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Protecting grapes from pests by boosting their natural immunity

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From protecting our most valuable works of art to enabling smartphone displays, glass has become one of our most important materials. Making it even more versatile is the next challenge. Developing new glass compositions is largely a time-consuming, trial-and-error exercise. But now scientists have developed a way to decode the glass "genome" and design different compositions of the material without making and melting every possibility. Their report appears in ACS' journal Chemistry of Materials.

As is true for any agricultural producer, vineyard owners need to prevent pathogens from harming their crops to stay in business. For many of them, this means applying synthetic pesticides. Out of concern for these substances' potential effects on water, soil and human health, some winemakers have turned to more natural methods. One approach scientists are exploring involves the use of UV-C light, which studies have shown increases grapes' production of stilbenoids. Some of these phenolic compounds have been associated with natural disease resistance. Raúl F. Guerrero from the Andalusian Institute of Agricultural and Fisheries Research and Training (IFAPA) and colleagues wanted to explore how daily doses of pre-harvest UV-C light would affect grapes' stilbenoid content.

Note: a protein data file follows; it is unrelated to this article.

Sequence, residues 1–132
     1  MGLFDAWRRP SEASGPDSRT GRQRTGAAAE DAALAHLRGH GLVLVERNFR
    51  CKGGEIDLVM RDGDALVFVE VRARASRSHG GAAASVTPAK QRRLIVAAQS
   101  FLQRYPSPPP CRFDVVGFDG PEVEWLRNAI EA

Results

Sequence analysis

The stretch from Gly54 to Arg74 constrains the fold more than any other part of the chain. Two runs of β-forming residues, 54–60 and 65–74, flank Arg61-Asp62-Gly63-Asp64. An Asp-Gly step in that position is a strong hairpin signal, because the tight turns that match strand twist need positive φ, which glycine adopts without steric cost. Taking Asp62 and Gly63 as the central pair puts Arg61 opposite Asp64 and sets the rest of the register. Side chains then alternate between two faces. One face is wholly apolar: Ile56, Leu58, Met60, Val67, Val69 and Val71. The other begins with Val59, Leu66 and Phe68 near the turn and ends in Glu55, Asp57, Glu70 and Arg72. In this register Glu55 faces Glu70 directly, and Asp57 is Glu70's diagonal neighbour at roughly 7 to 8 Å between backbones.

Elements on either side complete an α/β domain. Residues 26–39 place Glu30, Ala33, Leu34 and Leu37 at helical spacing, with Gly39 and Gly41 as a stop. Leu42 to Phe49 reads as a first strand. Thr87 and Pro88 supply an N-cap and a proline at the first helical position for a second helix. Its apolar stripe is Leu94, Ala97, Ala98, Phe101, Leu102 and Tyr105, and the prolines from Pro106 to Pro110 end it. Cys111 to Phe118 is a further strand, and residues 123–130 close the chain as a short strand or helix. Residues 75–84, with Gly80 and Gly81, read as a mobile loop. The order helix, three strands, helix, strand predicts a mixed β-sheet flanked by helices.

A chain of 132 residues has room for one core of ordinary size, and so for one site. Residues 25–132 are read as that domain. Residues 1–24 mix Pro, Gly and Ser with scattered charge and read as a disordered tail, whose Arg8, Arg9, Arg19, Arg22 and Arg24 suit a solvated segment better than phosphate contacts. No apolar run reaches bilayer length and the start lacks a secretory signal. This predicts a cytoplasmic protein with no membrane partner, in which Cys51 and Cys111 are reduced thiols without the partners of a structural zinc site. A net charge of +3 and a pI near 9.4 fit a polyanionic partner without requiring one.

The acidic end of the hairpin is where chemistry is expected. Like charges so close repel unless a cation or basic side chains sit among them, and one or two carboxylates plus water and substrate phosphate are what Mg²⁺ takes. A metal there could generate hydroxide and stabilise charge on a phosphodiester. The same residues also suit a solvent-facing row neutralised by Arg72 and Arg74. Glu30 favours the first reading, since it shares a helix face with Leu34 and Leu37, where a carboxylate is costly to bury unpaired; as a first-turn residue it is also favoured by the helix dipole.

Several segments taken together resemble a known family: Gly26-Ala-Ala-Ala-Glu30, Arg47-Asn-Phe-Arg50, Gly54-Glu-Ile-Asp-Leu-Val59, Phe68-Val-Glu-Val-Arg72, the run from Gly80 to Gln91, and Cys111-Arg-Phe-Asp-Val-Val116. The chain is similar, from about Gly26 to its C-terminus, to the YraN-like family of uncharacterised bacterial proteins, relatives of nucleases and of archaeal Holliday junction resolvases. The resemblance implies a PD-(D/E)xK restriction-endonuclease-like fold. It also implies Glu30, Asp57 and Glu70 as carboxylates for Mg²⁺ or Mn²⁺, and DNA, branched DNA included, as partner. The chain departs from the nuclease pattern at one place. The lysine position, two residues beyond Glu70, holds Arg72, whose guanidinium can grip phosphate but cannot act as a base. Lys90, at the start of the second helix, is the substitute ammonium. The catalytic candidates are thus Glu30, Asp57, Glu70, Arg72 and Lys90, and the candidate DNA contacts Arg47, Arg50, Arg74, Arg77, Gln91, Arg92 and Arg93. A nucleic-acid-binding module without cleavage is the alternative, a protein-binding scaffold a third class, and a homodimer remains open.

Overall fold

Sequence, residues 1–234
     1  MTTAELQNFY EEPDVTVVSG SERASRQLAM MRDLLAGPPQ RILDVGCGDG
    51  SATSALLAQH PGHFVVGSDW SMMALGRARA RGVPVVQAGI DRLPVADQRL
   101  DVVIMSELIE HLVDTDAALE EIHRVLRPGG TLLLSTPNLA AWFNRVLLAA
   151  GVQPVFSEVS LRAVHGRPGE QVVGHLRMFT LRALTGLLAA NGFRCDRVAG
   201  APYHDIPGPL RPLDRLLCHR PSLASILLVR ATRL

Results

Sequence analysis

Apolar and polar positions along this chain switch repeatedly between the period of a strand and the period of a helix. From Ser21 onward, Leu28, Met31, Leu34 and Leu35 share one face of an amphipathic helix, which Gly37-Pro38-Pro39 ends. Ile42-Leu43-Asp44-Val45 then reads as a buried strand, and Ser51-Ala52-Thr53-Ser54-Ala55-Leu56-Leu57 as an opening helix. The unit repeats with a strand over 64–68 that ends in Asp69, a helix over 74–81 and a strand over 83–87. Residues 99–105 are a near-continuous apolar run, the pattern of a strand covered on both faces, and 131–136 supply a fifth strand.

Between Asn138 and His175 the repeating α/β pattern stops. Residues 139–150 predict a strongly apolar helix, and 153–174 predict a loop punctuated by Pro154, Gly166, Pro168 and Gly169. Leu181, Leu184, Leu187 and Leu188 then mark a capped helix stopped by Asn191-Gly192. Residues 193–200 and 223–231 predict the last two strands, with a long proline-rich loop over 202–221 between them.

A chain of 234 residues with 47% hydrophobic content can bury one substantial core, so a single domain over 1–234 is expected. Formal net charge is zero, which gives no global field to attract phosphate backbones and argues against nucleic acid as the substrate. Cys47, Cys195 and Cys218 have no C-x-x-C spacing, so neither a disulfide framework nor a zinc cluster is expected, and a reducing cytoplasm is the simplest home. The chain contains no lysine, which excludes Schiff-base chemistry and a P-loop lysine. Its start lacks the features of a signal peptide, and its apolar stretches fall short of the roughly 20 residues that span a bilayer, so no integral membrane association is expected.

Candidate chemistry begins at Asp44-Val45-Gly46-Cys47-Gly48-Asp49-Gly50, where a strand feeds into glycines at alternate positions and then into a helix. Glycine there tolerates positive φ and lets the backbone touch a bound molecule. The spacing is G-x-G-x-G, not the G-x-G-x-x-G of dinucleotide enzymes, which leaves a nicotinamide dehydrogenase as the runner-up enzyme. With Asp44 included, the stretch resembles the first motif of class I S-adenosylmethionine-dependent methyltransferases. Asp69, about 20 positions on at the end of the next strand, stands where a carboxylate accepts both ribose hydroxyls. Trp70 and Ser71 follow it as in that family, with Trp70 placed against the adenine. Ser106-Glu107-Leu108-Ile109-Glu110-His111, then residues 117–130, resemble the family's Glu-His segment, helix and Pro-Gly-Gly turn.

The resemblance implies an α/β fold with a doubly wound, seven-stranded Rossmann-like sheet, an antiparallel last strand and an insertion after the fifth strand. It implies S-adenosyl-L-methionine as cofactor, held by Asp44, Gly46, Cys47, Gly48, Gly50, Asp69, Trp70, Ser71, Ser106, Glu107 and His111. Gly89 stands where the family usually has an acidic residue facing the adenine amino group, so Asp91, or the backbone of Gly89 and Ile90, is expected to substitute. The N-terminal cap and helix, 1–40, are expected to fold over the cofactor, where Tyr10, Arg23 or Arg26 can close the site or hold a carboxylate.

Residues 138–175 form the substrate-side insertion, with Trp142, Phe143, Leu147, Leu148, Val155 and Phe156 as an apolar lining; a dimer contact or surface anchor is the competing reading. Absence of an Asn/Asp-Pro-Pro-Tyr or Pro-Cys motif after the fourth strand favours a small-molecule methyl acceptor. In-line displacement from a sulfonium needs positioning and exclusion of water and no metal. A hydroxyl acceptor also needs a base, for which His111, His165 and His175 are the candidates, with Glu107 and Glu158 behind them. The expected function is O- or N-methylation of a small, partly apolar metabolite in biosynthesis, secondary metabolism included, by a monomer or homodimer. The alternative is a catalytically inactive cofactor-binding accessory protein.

The researchers tested one set of grapes exposed to five minutes of UV-C light every day for three days before harvesting and compared them with another set of grapes that only received one five-minute dose. The latter technique had previously been optimized in grapes. The set that received multiple treatments showed an 86-fold increase in stilbenoid concentrations over the fruit that only got one application of UV-C. The three-day, pre-harvest treatment also affected texture, color and other characteristics, but the researchers say that the grapes were still of good quality.

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The authors acknowledge funding from the European Social Fund of Andalusia and the National Institute for Agricultural and Food Research and Technology (INIA).

The abstract that accompanies this study is available here.

The American Chemical Society is a nonprofit organization chartered by the U.S. Congress. With nearly 157,000 members, ACS is the world's largest scientific society and a global leader in providing access to chemistry-related research through its multiple databases, peer-reviewed journals and scientific conferences. Its main offices are in Washington, D.C., and Columbus, Ohio.

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